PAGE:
The Oath of Duty is an Oath of House Liam that is optionally sworn by its members.

Words Edit

May the light of the Sun burn my skin, 
May the light of the Moon bring me fear, 
May the food of the Earth bring me hunger, 
May the waters of Life parch my throat 
Should I forego the compass of my journey, 
Should I neglect the care of the Dreaming, 
Should I be blind to the needs of my charges, 
Should I ignore the purity of my duty.

Overview Edit

This is the first and most sacred oath of House Liam. It is the foundation of the house's laws and beliefs. Without it, there is little that would hold the house together. The Oath of Duty is entirely voluntary. House Liam forces no childling or wilder to belong who does not wish it and a good deal of any fostering is dedicated to explaining the meaning of the oath and reassuring the fosterling that it is completely their option whether to swear it or not. Without choice, an oath is meaningless.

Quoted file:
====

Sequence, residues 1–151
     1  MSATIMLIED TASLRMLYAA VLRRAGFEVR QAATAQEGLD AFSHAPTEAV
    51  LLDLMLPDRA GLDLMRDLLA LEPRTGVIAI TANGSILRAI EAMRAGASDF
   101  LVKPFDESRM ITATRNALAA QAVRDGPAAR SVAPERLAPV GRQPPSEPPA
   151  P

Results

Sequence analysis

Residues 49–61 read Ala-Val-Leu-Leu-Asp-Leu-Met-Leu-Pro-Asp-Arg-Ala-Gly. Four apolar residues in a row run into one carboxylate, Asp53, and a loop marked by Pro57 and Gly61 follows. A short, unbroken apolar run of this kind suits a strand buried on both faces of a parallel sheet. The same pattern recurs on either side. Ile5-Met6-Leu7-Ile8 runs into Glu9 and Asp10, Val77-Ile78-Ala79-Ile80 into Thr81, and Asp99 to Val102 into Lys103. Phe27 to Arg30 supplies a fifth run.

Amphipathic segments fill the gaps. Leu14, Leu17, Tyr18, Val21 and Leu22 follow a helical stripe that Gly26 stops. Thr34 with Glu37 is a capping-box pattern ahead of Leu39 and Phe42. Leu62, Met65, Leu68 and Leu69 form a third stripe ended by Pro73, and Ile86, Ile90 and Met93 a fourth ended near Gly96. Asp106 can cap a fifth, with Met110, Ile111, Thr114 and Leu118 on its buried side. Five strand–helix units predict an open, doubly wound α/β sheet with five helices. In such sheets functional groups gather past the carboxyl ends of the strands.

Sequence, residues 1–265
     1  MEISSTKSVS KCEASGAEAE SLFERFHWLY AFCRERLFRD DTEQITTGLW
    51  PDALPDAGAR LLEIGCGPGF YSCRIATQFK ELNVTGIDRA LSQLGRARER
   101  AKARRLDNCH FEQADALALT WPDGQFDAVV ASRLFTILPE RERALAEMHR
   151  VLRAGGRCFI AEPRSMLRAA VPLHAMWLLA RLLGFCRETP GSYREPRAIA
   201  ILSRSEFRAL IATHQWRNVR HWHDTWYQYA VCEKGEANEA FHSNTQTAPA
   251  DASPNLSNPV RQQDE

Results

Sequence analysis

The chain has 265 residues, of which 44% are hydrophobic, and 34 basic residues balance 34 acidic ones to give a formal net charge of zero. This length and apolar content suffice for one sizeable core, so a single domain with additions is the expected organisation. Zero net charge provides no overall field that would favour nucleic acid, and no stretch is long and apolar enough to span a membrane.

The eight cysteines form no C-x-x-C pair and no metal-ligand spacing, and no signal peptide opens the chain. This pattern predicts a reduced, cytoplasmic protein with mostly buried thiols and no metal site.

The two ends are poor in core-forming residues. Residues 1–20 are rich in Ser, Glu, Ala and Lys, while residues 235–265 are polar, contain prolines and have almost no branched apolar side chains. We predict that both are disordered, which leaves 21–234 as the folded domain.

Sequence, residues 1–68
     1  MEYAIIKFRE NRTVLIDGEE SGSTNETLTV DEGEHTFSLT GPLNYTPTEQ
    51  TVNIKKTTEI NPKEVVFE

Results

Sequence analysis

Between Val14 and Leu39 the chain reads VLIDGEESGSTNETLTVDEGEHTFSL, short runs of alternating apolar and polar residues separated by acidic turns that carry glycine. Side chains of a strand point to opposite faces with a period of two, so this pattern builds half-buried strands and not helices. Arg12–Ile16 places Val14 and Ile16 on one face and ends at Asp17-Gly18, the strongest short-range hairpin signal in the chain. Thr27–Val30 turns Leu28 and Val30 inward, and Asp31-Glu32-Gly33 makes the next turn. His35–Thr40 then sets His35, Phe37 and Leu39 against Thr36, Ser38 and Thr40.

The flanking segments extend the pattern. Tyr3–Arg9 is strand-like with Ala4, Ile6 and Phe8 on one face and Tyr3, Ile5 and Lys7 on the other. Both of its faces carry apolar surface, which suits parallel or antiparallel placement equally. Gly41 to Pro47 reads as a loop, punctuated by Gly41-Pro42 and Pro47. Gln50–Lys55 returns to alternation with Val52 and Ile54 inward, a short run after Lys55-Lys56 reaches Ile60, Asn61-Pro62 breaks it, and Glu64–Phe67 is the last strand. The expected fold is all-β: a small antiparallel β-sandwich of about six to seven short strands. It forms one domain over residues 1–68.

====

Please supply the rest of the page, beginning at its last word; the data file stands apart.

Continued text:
The first quatrain is not just a list of penalties. Duty is life. Without duty, without the willingness to carry on the example of Lord Liam himself, there is no meaning to the sacrifice he and his house have made. Life is service and the first quatrain reflects this tenet. The second quatrain reinforces and explains that duty. The House carries the idea of Noblesse Oblige to the nth degree. The direction of obligation should be clear for a noble: As nobles, they are obliged to protect those who need it most. This single pure principal is the core of the House Liam moral code.

The Oath of Duty is sworn at the end of the Saining, usually to the Kithain who fostered the changeling who is swearing. There is no great ceremony associated with it, as it is considered private. Those who come to the house from outside take this oath after they have sworn the Oath of Union (also in private) to a House Liam witness of their choice. The bond between the oathswearer and the witness is akin to that of siblings.

Effects Edit

There are no canonical effects to this oath.

Other Liam Oaths Edit

References Edit

  1. CTD. Noblesse Oblige: The Book of Houses, p. 123.
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